Tom yum goong translates to an easy and authentic Thai spicy shrimp soup made with lemongrass, galangal, mushrooms, and fish sauce. Yum!
What makes tom yum goong so compelling? The fact that it’s so easy yet tastes so authentic? Its elusive lilt of lemongrass? The sour, puckery smack of tamarind? The warm-your-belly pervasiveness of galangal? The unmistakably forthright—and, let’s face it, slightly funky—flavor of fish sauce? Or how they meld to marvie effect in this exquisitely authentic rendering of an oft-replicated, but rarely-true-to-tradition, Thai soup? Pucker up for a perfectly pitched and traditional tang from Thai chef Tanaporn Tangwibulchai of Thai Market. It’s on the waaaay Upper West Side, it’s where chef Tangwibulchai presides, and it’s what we’re hearing uttered in hushed, nay, reverential tones by those who know Thai food. –David Leite
Why is tom yum goong so popular?
A sour-spicy, sweet-salty, fragrant shrimp soup, tom yum goong is right up there with pad Thai or tom kha for quintessential and perennially favorite Thai foods. An exquisite mix of the hot and tangy flavors, you get a true taste of Thailand in every bowl. Tom yum means, broadly speaking, “boiled salad” which basically defines a highly flavored broth. Goong is the shrimp (or prawn) part although chicken or pork is popular, too.
Tom Yum Goong Soup
- 3 stalks lemongrass green part and root trimmed, remaining section cut into 3 pieces
- 5 lime leaves each torn into 4 pieces
- One (2-inch) piece galangal or ginger sliced crosswise into 6 to 7 pieces
- 2 1/2 quarts (10 cups) cold water
- 1 pound medium shrimp peeled and deveined, left whole if small, or roughly chopped if medium or large
- 2 tablespoons tamarind paste (you know, the block of brown tamarind found in Asian markets)
- 7 to 10 tamarind tendrils (optional)
- 3 to 15 bird’s eye chile peppers smashed, to taste
- 2 tablespoons nam prik pao (roasted chile paste)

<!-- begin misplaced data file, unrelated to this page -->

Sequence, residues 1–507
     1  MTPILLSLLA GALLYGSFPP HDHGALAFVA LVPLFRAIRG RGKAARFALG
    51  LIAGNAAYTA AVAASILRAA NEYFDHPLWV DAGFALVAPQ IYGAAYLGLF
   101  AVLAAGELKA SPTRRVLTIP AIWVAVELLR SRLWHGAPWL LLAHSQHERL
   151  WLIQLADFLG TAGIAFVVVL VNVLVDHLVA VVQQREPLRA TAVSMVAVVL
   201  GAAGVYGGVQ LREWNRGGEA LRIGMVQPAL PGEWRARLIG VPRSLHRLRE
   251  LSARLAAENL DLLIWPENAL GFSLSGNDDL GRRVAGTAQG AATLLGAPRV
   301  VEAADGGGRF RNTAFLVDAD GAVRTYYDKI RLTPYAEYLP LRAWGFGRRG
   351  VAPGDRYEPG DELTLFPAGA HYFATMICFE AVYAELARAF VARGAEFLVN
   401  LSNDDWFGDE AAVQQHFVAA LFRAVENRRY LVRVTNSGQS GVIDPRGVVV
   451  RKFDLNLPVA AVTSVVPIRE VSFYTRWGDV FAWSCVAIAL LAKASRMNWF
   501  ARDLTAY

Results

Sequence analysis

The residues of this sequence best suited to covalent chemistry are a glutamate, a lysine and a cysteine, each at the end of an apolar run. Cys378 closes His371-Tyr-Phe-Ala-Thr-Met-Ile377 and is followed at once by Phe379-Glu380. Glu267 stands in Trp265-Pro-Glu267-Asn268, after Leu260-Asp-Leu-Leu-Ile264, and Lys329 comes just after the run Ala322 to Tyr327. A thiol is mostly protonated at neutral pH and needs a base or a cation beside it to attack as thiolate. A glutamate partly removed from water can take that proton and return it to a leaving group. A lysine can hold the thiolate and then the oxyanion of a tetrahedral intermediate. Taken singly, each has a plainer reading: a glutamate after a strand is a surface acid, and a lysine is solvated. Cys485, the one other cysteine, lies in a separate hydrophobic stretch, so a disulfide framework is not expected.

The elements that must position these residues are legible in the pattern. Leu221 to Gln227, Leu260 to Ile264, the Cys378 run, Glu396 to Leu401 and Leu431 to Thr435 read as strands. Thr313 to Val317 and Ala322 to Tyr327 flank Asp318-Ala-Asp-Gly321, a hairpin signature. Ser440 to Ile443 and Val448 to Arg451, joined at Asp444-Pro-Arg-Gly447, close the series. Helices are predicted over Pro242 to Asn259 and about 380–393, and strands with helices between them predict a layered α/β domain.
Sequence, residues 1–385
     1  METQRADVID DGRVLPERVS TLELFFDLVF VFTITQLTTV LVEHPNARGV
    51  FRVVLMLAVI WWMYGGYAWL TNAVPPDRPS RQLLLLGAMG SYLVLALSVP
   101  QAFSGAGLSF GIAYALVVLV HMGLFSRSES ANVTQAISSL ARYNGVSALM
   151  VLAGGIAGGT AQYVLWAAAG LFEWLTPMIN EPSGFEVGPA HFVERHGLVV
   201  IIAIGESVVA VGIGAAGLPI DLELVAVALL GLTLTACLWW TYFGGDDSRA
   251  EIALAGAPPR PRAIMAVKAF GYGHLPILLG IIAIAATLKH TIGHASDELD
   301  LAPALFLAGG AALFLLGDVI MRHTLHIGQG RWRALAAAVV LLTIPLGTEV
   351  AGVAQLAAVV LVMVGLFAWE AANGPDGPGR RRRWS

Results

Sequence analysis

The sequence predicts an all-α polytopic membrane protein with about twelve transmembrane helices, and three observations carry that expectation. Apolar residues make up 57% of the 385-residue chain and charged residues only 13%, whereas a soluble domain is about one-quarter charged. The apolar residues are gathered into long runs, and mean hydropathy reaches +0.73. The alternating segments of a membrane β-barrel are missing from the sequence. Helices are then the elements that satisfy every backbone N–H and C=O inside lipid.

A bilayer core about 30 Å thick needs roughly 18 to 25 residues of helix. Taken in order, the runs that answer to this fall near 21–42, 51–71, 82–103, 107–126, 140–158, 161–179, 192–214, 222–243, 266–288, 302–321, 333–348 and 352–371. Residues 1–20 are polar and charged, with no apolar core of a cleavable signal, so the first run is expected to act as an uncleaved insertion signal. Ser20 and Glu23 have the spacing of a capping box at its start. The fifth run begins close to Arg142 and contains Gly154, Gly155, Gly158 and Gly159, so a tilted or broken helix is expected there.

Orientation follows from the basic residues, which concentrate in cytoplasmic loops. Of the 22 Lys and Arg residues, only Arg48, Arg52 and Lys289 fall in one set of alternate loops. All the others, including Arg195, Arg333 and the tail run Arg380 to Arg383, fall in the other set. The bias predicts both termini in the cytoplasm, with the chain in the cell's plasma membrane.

- 1/4 cup sliced button mushrooms
- 4 to 8 tablespoons fish sauce or to taste
- 6 to 12 tablespoons fresh lime juice or to taste
- 1/2 tablespoon granulated sugar
- 1/4 cup cilantro leaves for garnish
- In a large pot, bring the lemongrass, lime leaves, galangal or ginger, and water to a boil and then lower the heat to medium. Add the shrimp, tamarind paste, tamarind tendrils (if using), chile peppers, and nam prik pao, and simmer just until the shrimp is cooked through.
- Reduce the heat to medium-low. Add the mushrooms, fish sauce, lime juice, and sugar, and stir until the sugar dissolves. Ladle the soup into bowls, garnish with cilantro, and serve. Originally published March 05, 2013
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Recipe Testers’ Reviews
This tom yum goong soup, due mainly to the tamarind and lime, has a very tangy and slightly sour quality to it. It’s nicely balanced from the saltiness of the fish sauce and the slight bit of sugar. The lemongrass and lime leaves didn’t have a strong presence in the dish, but undoubtedly added to the overall flavor. Since this is a very brothy soup, it’s really more of an appetizer than a meal.
It comes together quickly and is very straightforward and simple to make once you’ve all of the ingredients, some of which may take a bit of searching to find. I didn’t care for the raw mushrooms, which don’t have a chance to cook since they’re added at the end. I’d rather panfry the mushrooms first, or use dehydrated shiitakes in the future, which would add a nice earthiness to the soup.
To make this a meal, I think the addition of some grated carrots, fresh spinach, and perhaps Asian dumplings would be welcome without distracting from the wonderful depth of the tangy, salty, and slightly spicy notes.
If you make this recipe, snap a photo and hashtag it #LeitesCulinaria. We'd love to see your creations on Instagram, Facebook, and Twitter.
I give this tom yum goong soup high marks for the hot and sour flavor I love, and for a pretty quick turnaround. I used ginger in place of the galangal, but if lemongrass, Kaffir lime leaves, tamarind paste, or roasted chile paste are hard to come by, there are no good substitutes and therefore there’s not much point in making this otherwise delicious soup.